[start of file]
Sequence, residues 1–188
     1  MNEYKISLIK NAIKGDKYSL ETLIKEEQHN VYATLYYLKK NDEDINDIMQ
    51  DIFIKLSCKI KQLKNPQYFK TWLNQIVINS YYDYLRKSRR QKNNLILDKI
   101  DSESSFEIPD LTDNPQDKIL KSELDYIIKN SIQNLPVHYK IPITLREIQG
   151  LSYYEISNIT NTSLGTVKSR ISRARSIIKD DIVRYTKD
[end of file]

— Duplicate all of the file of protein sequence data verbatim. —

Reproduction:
Sequence, residues 1–188
     1  MNEYKISLIK NAIKGDKYSL ETLIKEEQHN VYATLYYLKK NDEDINDIMQ
    51  DIFIKLSCKI KQLKNPQYFK TWLNQIVINS YYDYLRKSRR QKNNLILDKI
   101  DSESSFEIPD LTDNPQDKIL KSELDYIIKN SIQNLPVHYK IPITLREIQG
   151  LSYYEISNIT NTSLGTVKSR ISRARSIIKD DIVRYTKD